Osoria had been penciled in as a probable addition to the Major League bullpen already -- based on his effectiveness with the big league club a year ago and his strong start this spring. But after another impressive showing in Friday's 5-0 loss to the Reds, Osoria seems to have himself in position to snag one of the four bullpen spots.
In other words, get ready to write his name down in pen.
The only smudge on Osoria's latest appearance was the one-out single he allowed to Brandon Phillips. The hit was the first that the 26-year-old right-hander had given up all spring. He's now allowed just three baserunners total in four innings of work, and not a single one has reached second.
"What he's doing is very encouraging and he's making a very good impression," pitching coach Jeff Andrews said. "He's aggressive. He's confident. He's got a lot of things to offer."
Manager John Russell had much of the same to say.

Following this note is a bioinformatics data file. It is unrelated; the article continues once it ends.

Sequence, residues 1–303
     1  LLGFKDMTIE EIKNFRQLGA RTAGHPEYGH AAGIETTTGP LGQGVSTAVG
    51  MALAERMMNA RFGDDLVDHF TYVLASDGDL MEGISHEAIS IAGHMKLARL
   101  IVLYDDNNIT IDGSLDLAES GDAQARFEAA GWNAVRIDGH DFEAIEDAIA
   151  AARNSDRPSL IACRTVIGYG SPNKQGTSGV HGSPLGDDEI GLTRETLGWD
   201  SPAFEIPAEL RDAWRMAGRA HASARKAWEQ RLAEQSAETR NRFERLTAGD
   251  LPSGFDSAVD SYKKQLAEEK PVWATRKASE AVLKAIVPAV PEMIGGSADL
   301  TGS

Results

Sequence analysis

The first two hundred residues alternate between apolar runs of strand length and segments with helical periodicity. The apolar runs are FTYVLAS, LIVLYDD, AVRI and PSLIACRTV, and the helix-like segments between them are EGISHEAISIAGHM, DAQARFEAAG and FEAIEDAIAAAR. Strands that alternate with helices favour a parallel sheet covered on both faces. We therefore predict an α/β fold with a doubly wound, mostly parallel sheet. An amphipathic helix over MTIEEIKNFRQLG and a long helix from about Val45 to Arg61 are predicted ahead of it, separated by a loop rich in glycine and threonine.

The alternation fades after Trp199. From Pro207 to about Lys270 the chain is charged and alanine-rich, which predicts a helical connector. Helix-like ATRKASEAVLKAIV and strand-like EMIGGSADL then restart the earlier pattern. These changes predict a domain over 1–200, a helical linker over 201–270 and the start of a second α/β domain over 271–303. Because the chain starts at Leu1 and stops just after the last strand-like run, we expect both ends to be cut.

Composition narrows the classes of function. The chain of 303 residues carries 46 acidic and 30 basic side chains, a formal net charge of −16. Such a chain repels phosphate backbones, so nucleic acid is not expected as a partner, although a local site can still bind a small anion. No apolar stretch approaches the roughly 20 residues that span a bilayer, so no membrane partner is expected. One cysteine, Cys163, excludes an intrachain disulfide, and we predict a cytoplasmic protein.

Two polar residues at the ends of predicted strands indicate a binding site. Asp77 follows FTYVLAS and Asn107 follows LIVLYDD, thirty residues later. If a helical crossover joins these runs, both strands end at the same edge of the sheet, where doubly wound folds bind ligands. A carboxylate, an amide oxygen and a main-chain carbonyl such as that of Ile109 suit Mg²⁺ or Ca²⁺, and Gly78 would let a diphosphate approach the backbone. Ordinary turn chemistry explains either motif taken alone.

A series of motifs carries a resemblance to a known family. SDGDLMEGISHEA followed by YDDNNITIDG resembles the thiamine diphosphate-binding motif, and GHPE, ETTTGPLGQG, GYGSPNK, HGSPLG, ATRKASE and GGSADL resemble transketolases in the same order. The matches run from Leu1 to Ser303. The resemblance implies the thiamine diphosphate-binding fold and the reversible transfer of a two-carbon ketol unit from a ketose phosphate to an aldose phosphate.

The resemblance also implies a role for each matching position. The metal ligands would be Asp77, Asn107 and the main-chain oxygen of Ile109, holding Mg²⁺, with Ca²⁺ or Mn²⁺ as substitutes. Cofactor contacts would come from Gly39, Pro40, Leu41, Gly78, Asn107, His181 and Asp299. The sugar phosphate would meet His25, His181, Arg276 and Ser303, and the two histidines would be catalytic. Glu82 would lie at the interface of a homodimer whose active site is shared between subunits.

"I like the way he goes about his job," Russell said recently. "He's the kind of guy you like to watch because he keeps the ball down in the zone with movement. He's a guy who's going to get us a lot of ground balls. I like the way he's doing things right now."
According to both Andrews and Russell, Osoria has the intangibles as well. Both have separately talked about his mound presence, his resiliency and his efficiency. And then there is that devastating sinker.
"That's as good as you can throw," Andrews said, referring to Osoria's sinker to Scott Hatteberg on Friday that got the Reds first baseman to strike out swinging. It was Osoria's fourth strikeout of the spring.
That sinker has given hitters fits all spring, just as it did last season during Osoria's two months in Pittsburgh. The work still to be done, though, comes with the rest of his pitch repertoire.
"They come and go," Andrews said of Osoria's other pitches. "It would be nice to have another pitch to go to."
Andrews and Osoria have talked about potentially relying heavily on the slider against right-handers and more on the changeup against lefties once Osoria feels comfortable enough to do so. In the meantime, however, Osoria has proven that he can still be effective.
At this point, it would seem like Osoria's name would also be in the mix for the role as the team's right-handed setup man. With no right-handers currently a lock -- other than closer Matt Capps -- Osoria's propensity for ground balls and aggressiveness could make him a solid fit in that spot.
Jenifer Langosch is a reporter for MLB.com. This story was not subject to the approval of Major League Baseball or its clubs.